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for over four hours, these creeps asking about his sex life under oath. he testified. he gave blood. trump won't do anything. you can't compare the two. if what clinton did was stalling, then it's really clear that what trump is doing is obstructing justice. >> that's for the senators to decide. i want to run along here on purpose because i do want to hear the voices. we have heard from pam bondi on television, you'll hear from alan dershowitz. to say it's okay to withhold a white house meeting, to withhold military aid, no, that's not what they talk about. they say nancy pelosi is in the wrong. >> she calls our great president who did nothing wrong a clear and present danger. oh, he's so horrible that she had to get these over there, and what does she do? she holds onto him. it's political gamesmanship and she failed. >> he would be appalled at the
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notion that you can impeach and not bring them to the senate. the leaders of the senate have the right to just say, we're scheduling the trial. she is placing herself above the law, nancy pelosi. >> to michael's point, we have yet to hear a factual defense of a documentary evidence from all of the witnesses in this case that is pretty damning that the president did not give the new president of ukraine a white house meeting, did not give him one, still hasn't given him one, withheld aid until he got what he wanted, which is a political gift which has nothing to do with national security. >> there is no factual defense possible. >> then what do they do? >> they have to try to look at those facts and try to devise a legal theory saying these are still in the scope of either his duties as president, or this isn't what the founding fathers intended. the one thing i would point out is looking at ken starr on
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lady that is the last thing i would ever... huh? stop! put those away! a huge question of risk and reward for house impeachment managers. do you call lev parnas to testify at the senate trial? the risk? parnas is under indictment, and anything he says the white house legal team will paint as lies, concocted, they will say, to spear the federal prosecutors jail time. the fixer says he knows a lot, both about the pressure on ukraine and about the trust of the former ambassador of ukraine. >> to my knowledge, the president fired her at least four times, maybe five times. >> you say he fired her in front of you? >> correct. >> rudy was on the way there to
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discuss. >> mr. giuliani told secretary perry what you need to convey to the ukranian government is that they need to do an investigation on joe biden? >> absolutely. >> that is a huge challenge for the impeachment managers in the sense that this guy says he knows a lot. this guy says he was involved. this guy says essentially he was rudy giuliani's right-hand man doing all this nefarious stuff in ukraine. he's also under indictment and giuliani himself says a lot of things that are untrue. is this guy to be believed and do they call him? >> the president was quick to insist he doesn't know him. we've seen a photo of the president and lev parnas before. he said it was a quick photo, that he takes thousands of photos with people but he really doesn't know them. so it's going to be his word against them, and it remains to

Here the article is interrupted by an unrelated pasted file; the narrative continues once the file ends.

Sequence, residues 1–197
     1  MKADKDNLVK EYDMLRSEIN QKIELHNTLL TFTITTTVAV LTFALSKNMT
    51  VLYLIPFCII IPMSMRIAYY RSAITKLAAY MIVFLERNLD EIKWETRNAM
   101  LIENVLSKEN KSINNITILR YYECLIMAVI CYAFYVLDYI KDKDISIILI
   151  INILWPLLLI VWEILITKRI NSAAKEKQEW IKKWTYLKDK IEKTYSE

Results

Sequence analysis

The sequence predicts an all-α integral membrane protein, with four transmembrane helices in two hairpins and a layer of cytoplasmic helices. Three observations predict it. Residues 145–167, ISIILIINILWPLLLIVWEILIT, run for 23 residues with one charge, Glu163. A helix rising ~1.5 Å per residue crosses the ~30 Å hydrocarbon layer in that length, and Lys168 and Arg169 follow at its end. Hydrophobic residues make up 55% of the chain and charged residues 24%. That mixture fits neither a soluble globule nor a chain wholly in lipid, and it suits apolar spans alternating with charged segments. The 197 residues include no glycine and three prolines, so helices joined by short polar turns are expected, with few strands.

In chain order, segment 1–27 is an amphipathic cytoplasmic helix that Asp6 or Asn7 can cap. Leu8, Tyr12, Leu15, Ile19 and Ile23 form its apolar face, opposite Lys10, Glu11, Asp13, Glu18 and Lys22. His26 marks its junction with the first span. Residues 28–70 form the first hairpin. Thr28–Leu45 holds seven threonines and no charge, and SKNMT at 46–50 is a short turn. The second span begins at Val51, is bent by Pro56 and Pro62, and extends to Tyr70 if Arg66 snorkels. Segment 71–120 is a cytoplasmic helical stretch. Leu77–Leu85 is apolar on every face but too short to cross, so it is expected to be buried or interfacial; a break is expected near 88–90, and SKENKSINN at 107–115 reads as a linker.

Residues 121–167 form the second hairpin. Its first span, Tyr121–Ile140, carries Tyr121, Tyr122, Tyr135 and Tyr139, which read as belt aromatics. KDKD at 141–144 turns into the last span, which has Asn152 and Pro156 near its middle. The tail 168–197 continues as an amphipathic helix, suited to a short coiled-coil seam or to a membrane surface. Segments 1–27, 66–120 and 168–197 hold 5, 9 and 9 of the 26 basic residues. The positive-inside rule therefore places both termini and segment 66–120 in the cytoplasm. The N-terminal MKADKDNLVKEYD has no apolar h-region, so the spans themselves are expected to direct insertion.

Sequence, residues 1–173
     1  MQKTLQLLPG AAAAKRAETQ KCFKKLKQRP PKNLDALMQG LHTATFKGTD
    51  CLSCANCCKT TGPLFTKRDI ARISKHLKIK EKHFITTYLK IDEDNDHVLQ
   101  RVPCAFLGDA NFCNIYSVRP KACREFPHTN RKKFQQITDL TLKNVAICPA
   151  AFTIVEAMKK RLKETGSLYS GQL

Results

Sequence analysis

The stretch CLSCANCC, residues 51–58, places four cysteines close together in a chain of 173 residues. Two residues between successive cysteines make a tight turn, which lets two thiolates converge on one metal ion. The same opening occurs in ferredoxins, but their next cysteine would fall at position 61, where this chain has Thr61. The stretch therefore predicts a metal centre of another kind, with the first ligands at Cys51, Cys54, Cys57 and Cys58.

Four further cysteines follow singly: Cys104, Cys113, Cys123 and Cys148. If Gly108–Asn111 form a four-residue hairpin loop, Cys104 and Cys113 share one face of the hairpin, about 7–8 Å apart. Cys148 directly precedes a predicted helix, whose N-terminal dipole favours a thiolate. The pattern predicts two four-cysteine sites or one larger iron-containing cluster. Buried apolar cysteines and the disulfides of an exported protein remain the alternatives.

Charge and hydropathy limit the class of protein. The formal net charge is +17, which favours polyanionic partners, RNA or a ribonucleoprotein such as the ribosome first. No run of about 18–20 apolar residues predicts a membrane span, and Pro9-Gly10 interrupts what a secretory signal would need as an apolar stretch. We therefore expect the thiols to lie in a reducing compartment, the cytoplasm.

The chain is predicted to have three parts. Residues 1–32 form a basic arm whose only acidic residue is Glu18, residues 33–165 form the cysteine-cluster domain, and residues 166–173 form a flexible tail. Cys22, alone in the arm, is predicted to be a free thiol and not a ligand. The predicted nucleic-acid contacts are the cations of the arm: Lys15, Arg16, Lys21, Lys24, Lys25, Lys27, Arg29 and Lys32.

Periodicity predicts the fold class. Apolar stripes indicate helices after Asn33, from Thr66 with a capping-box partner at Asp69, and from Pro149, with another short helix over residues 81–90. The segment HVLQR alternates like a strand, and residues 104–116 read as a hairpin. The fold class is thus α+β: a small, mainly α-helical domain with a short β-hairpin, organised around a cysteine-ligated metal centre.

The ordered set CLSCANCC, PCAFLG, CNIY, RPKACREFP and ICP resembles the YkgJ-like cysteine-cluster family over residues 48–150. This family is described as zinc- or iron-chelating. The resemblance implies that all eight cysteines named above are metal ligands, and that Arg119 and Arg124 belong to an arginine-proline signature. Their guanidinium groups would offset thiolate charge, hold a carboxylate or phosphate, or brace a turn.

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be seen. >> eisenberg was someone who worked for ken starr back in that investigation. he said, makes them look sloppy as hell. i think they should have looked at this better. meaning, if lev parnas had this information, why did the democrats hurry up and impeach? why didn't they wait for it? lev parnas said he brought this up later, and he might have been brought it up in the context we didn't know before there was an impeachment and now he's looking to curry favor. >> it cuts both ways. it potentially puts pressure on some of the moderate republicans who could argue, look, there is information that we should have, let's go out and get it. but it does give you the ability, give republicans, allies of the president, the ability to look at the house case and say it just kind of gives it a sense that the house case looks a bit half-baked,
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right? there were all sorts of people that didn't get called. there were reasons for that, among them that the president made a concerted effort to make sure he blocked people, and so that's -- but it just gives the case and the republican allies the ability to say, you know, we're not going to fix all the problems with the house. >> that's true, it gives them the ability to do that, but anything looking at what really happened, and i know that may be a bit generous, will see that the timing was such that he was dealing with the courts, lev parnas. and it wasn't until then, after bar afterwards, that he could maybe turn his attention to capitol hill. i tell you one thing, nancy pelosi is saying, i told you so, on the notion of delaying sending things over, and it fits right into her list of the reasons why it was good, what